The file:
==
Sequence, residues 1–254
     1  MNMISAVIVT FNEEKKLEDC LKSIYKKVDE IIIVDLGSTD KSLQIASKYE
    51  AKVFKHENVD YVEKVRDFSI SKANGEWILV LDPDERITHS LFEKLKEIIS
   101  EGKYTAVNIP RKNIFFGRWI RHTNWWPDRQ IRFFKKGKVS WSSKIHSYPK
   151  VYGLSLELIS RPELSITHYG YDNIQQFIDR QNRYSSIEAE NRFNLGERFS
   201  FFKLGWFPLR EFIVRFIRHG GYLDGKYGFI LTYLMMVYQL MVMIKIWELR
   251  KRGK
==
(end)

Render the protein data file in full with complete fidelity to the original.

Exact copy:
Sequence, residues 1–254
     1  MNMISAVIVT FNEEKKLEDC LKSIYKKVDE IIIVDLGSTD KSLQIASKYE
    51  AKVFKHENVD YVEKVRDFSI SKANGEWILV LDPDERITHS LFEKLKEIIS
   101  EGKYTAVNIP RKNIFFGRWI RHTNWWPDRQ IRFFKKGKVS WSSKIHSYPK
   151  VYGLSLELIS RPELSITHYG YDNIQQFIDR QNRYSSIEAE NRFNLGERFS
   201  FFKLGWFPLR EFIVRFIRHG GYLDGKYGFI LTYLMMVYQL MVMIKIWELR
   251  KRGK